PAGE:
Monday, 2 June 2014

E–mail: it starts showing results

Although the health system is advancing very slowly compared to other industries, I'm sure that people are ready to adopt online services and that the health care system is able to open new lines of communication in accordance with the times we live in. Success is guaranteed, provided that the professionals are willing to adapt, and this is the hard part. No wonder the banking offices and travel agencies, to take two examples, have had to redefine, from head to toe, their business models, thanks to or because of online services.

In this review of a scientific evidence program (in the scanned blue cover), the Department of Veterans Affairs in the U.S. asks the following question: What is the association between 'safe' e-mail and clinical outcomes, the patients satisfaction, the treatment adherence and the efficiency or the resource use?

But first, if I may, I’ll clarify the issue of ‘safe’ e-mail because I think it is relevant. For obvious reasons of security and confidentiality, whenever we speak of using electronic messaging to communicate between a patient and their doctor or nurse, one has to do it through a protected access, which for now is the platform of shared clinical record.

Continuing with the question from the Veterans Affairs paper (a review of July 2012), the answer encountered by researchers is that there is “moderate” evidence between the patients’ use of e-mail and the improvements in controlling glycaemia in diabetics, while there is “low” evidence in other circumstances and types of patients, such as the control of hypertension, ulcerative colitis or heart failure.

Therefore, with this evidence, it’s logical that from now on, at least in this post, I may be strict to diabetes, so I present a couple of publications, one a doctoral thesis (2012) by Lynne Harris, which can be found on the University of Washington website and the other is an article in the Health Affairs journal (Zhou 2010) regarding a trial conducted at Kaiser Permanente.

The thesis I consulted in the archives of the University of Washington says that nearly half of U.S. diabetics fail to exercise proper control of their sugar levels. At this point it’s worth being reminded that in Spain, according to a paper published by J. Franch from GEDAPS group, the numbers are clearly better (59% of diabetic patients have an HbA1c less than 7%, see post on March 3rd). Returning to the doctoral thesis, in it we see the type of uses that diabetics make of e-mail, and this is initially relevant data, because everyone speaks of the instrument, but almost nothing is known about how it is working in the few places where it has been implemented.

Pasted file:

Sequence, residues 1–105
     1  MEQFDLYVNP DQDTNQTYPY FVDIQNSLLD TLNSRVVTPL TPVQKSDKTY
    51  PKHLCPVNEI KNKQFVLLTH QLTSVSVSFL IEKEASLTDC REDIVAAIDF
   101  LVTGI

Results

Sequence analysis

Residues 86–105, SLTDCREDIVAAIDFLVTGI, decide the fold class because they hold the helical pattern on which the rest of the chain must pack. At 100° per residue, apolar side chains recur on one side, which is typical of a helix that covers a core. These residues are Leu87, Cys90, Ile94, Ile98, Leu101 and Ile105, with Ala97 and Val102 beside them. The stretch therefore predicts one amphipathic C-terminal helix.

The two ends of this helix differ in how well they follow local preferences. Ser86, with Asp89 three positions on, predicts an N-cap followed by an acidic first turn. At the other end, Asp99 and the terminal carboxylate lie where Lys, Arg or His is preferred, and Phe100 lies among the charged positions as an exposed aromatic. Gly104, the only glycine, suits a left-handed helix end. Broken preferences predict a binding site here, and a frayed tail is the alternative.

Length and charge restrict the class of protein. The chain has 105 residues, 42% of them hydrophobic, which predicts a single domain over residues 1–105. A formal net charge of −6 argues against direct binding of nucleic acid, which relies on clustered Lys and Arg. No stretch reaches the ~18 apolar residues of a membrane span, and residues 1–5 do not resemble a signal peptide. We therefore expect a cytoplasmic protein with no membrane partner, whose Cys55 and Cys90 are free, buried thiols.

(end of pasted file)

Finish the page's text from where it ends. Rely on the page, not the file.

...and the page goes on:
The thesis’ results say that only a third of the diabetics who have access to e-mail use it, although most users have shown a modest level of use: 1-3 messages per year, combined with a slightly higher number of face to face visits. The more active patients tend to be the ones in the clinically complex range. The thesis demonstrates that the use of e-mail improves glycaemia control measured in HbA1c.

This Health Affairs article explains how a group of Kaiser Permanente researchers designed a study involving 35,423 patients with diabetes, hypertension, or both, and were able to show that the use of e-mail between patients and doctors over a period of 2 months was associated, in a statistically significant way, with improvements in clinical effectiveness, with 2.0% to 6.5% better levels of HbA1c, cholesterol and blood pressure. The same principal investigator (Zhou 2007) had shown 3 years previously that the use of e-mail reduces the number of physical visits between 7 and 10%.


Communication technologies are here to stay, I mean in our society in general and, as you know, I continue to talk about society when I say that when these technologies penetrate a business network, they change it drastically. Despite this, all we're seeing is that the progress of these technologies in the health sector is rather limited.

I think, however, that the medical model based on care levels and medical specialties as we know it now, cannot continue like this for long, it will have to be rethought. But consider if it is not rethought (due to laziness or resistance). What could happen? Well, no doubt that if there are no changes from within, the combined pressure of the new epidemiology (chronic and fragile) added to the communication technologies will be responsible for opening all kinds of loopholes in the system.

To summarise: despite the poor results we see when we look at the opening of new communication channels between patients and professionals, we must be wary of this: we advance or we’ll be overtaken.


Zhou YY, Garrido T, Chin HL, Wiesenthal AM, Liang LL. Patient access to an electronic health record with secure messaging: impact on primary care utilization. Am J Manag Care 2007;13:418-24.

Jordi Varela 

No comments:

Post a Comment